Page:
By Brandon Bilyeu
- Same function as previous version IP1 with improved durability, sustainability
- Lower profile
- Small increment loosening and tightening, quick release
- Fast and easy on-bike adjustment, even under shoe covers
- BOA Guarantee covers Dials and Laces
- Single side cable pull makes loosening and quick release a little slow
Price: Varies depending on the shoes
How obtained: review sample
Available: anywhere bike shoes are sold
Website: BOA Li2
RBR Sponsor: no
Tested: 6 months
BOA Li2: Successor to the BOA IP1
I have owned several pairs of cycling shoes with BOA IP1 dials and find them a considerable improvement over laces, Velcro, and ratchet systems. When BOA announced the Li2 as a “new and improved” replacement for the IP1 I was a little worried. All too often “improved” versions of already good products turn out to be worse than the original. But after 6 months of indoor and outdoor winter testing, I can confidently say that BOA did not mess up the special sauce recipe.
If the Li2 name seems oddly familiar it’s likely because it sounds like Shimano’s Di2 electronic groupsets. But that is where the similarities end, the Li2 is still a manual dial and not driven by an electric motor controlled by your cycling computer.
There is no learning curve if you have already used the IP1 as the function is the same. For those not familiar with BOA dials, cycling shoes typically feature one or two dials per foot and each dial allows the following adjustments by a turn/push/pull on the dial:
Compared to the classic laces/Velcro/ratchet closure systems, the BOA dials offer easy and quick adjustment of shoe tightness with very small increments in both directions. The dial is also possible to turn when underneath shoe covers, a nice feature on cold and wet rides.
Also unchanged is BOA’s Guarantee. When you buy a pair of BOA-equipped shoes the dials and laces are covered for life. If a dial or lace breaks (I’ve never experienced this) you simply contact BOA and they will send the correct replacement parts free of charge. To help with the correct part identification, the new dials are now clearly labeled with “Li2.” You can also purchase spare parts to have available in case of a problem so you don’t have to wait for the claims process. Not covered are parts that are sewn into the shoes like the lace guides and housing for the dial. If these fail you will have to contact your specific shoe manufacturer.
So What Has Changed?
With the previous IP1, both ends of the lace are actively moving when the dial is turned or released. So when tightening, both ends of the lace are pulled into the dial simultaneously. For the Li2, this changes and only one end of the lace is active, the other end fixed. This means that the friction between the lace and guides plays a more important role. The new Li2 design works great with the high tightening forces, but there is a slight decrease in performance for loosening and release. Loosening is not instant and takes a pedal stroke or two to work the lace through the guides. This effect is most noticeable on release, where it takes much more force to open the shoe (overcome lace/guide friction) than the IP1 (both lace ends easily spool out of the dial). While certainly not an improvement over the IP1, overall performance on the bike is not affected.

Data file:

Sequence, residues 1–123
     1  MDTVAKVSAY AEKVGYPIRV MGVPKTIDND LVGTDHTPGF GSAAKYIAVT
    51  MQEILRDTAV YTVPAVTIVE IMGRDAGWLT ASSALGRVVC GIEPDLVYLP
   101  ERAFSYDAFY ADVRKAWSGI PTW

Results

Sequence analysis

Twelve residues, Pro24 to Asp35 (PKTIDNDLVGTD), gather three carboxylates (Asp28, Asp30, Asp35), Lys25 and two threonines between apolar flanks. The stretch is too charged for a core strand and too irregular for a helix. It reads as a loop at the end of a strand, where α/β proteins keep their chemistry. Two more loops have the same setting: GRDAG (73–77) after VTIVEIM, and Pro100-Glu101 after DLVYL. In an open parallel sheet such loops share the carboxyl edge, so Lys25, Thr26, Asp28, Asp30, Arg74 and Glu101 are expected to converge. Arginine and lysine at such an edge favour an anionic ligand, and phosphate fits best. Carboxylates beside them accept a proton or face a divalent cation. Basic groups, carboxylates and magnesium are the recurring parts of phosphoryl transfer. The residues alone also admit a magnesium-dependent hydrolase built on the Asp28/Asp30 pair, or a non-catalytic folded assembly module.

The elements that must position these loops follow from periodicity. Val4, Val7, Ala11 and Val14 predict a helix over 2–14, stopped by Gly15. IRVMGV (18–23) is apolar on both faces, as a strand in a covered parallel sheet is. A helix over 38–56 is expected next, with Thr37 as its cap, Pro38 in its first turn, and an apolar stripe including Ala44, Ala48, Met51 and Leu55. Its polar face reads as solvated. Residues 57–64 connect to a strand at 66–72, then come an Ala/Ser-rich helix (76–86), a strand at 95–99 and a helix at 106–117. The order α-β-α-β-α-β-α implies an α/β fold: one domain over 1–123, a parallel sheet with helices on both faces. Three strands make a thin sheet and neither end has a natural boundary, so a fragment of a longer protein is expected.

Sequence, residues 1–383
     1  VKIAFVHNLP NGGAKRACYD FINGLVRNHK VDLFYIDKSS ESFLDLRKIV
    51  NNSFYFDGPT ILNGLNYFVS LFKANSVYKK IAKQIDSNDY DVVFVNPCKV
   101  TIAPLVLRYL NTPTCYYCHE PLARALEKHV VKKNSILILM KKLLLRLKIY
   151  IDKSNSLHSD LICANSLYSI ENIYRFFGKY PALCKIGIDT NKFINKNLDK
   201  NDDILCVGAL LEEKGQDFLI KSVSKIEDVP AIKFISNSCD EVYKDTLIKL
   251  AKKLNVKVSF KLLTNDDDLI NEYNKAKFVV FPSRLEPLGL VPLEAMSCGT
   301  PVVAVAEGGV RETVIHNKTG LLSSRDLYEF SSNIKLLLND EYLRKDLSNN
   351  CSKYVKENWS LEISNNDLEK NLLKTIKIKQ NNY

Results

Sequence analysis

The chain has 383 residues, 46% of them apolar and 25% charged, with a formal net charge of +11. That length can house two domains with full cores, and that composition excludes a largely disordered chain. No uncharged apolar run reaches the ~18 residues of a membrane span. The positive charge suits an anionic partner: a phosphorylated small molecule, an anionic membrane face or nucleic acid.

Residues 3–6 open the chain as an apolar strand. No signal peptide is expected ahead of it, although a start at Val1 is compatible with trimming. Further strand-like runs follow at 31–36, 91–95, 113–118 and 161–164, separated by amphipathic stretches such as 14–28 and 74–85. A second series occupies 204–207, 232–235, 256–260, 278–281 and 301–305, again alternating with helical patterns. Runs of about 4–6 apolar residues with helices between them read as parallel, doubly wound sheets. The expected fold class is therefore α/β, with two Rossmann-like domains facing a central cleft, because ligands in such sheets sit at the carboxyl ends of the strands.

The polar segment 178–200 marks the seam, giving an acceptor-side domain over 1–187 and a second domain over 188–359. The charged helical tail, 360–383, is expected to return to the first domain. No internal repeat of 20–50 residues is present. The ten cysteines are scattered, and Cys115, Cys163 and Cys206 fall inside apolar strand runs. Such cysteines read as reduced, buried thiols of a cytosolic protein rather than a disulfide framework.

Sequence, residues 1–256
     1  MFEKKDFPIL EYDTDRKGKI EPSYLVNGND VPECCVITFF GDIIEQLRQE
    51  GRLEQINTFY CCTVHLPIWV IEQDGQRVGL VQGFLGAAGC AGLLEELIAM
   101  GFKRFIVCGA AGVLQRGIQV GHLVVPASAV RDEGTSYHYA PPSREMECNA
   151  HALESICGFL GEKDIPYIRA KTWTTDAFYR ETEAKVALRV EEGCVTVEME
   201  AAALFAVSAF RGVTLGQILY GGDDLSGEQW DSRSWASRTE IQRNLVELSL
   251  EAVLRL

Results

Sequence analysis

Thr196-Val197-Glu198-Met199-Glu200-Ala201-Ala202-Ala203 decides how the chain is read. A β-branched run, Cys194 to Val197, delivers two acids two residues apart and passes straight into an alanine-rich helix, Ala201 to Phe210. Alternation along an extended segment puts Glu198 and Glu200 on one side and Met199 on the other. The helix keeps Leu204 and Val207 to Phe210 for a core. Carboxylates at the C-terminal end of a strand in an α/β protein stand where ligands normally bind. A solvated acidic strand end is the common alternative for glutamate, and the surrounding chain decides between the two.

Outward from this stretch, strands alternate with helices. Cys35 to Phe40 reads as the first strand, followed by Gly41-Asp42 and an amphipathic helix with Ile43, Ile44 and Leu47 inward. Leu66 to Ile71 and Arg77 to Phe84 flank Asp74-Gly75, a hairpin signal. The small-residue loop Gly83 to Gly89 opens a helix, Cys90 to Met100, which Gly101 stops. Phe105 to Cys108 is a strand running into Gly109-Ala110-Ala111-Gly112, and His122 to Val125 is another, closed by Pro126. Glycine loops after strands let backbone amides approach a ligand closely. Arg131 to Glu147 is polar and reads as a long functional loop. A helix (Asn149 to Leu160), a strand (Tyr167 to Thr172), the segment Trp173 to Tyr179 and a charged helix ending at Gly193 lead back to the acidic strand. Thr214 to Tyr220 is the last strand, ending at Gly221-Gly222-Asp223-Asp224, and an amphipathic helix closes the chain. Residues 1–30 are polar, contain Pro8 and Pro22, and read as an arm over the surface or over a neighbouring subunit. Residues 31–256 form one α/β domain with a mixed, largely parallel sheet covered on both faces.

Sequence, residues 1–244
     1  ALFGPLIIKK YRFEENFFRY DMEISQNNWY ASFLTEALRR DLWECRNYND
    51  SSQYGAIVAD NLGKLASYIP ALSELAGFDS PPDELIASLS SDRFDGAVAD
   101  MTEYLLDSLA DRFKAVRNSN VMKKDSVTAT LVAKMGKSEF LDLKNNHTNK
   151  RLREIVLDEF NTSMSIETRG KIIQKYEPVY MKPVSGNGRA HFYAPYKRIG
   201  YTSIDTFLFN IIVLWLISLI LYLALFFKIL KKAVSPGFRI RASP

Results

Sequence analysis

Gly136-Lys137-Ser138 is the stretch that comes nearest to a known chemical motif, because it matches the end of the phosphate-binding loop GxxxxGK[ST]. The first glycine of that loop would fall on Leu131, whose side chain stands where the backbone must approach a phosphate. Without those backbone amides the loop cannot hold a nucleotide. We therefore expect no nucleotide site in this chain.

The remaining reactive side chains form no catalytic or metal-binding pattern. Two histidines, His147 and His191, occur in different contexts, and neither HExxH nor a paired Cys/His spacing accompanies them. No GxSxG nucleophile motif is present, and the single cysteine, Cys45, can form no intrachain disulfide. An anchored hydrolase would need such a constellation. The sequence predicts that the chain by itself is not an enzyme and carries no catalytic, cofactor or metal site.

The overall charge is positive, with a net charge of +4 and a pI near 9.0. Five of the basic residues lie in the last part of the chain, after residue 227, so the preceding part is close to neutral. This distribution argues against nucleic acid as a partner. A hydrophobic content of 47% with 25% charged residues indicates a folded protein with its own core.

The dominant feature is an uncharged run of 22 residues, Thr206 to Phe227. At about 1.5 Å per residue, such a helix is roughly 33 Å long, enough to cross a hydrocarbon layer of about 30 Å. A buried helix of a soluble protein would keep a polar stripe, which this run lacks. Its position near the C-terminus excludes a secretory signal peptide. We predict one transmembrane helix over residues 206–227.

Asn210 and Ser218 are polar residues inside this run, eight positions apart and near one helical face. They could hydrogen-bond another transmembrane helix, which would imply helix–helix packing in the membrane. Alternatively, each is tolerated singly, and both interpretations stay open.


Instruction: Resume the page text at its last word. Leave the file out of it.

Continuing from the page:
The other changes to the new Li2 are not apparent to the end user but do make for an improved product. First, the dial has a slightly lower and cleaner profile than the IP1. The less bulky dials look sleeker and make getting shoe covers on a little bit easier. And while BOA doesn’t make any specific aero claims, I’m sure there is at least a 0.0000000000001% increase in aero efficiency.
Second, durability has been improved. With 350 field testers and internal wear tests to torment the dials, BOA has improved the dial housing and internals to be more resistant to failure. I’ve never had a failure with the previous IP1 dial and the Li2 performed without issue over my six months of testing. I exposed the Li2 dials to sweaty indoor rides, freezing/wet/salty winter rides, and dusty dry rides without issue.
Finally, the sustainability of the dial production has been improved. The Li2 uses 10% less plastic than the IP1. As a company, BOA is committed to reducing the use of virgin plastics and eventually becoming zero waste. Currently, BOA uses some recycled material in 38% of its products and plan to reach 100% by 2027.
BOA dials offer smaller adjustment increments and ease of use when compared to laces, Velcro, or ratchets. The IP1 was a great dial and the new Li2 makes small refinements while keeping the same performance level. If you want the best closure system for comfort and fit try out some shoes with BOA dials.
Brandon Bilyeu is an avid recreational roadie who lives in Regensburg, Germany. He’s a year-round bike commuter and is a mechanical design engineer by trade. Click to read Brandon’s full bio.
The same as the BOA IP1, only more difficult to release. Sounds like a step back to me, based only on what was written in the review. Yes, improvement in other areas, like the increase in non-virgin plastic. I’m wondering how much of an impact on the global environment will be measurable when all cyclists are using BOA Li2?( I’m guessing virtually no impact at all.)
I’ve used BOA and don’t like it. Velcro is much simpler and quite durable. Maybe if I was a high-end, elite cyclist I’d have a different opinion. But there’s a lot more of cyclists like me out there than elite cyclists, so making products that are practical and functional for our use makes a lot more sense.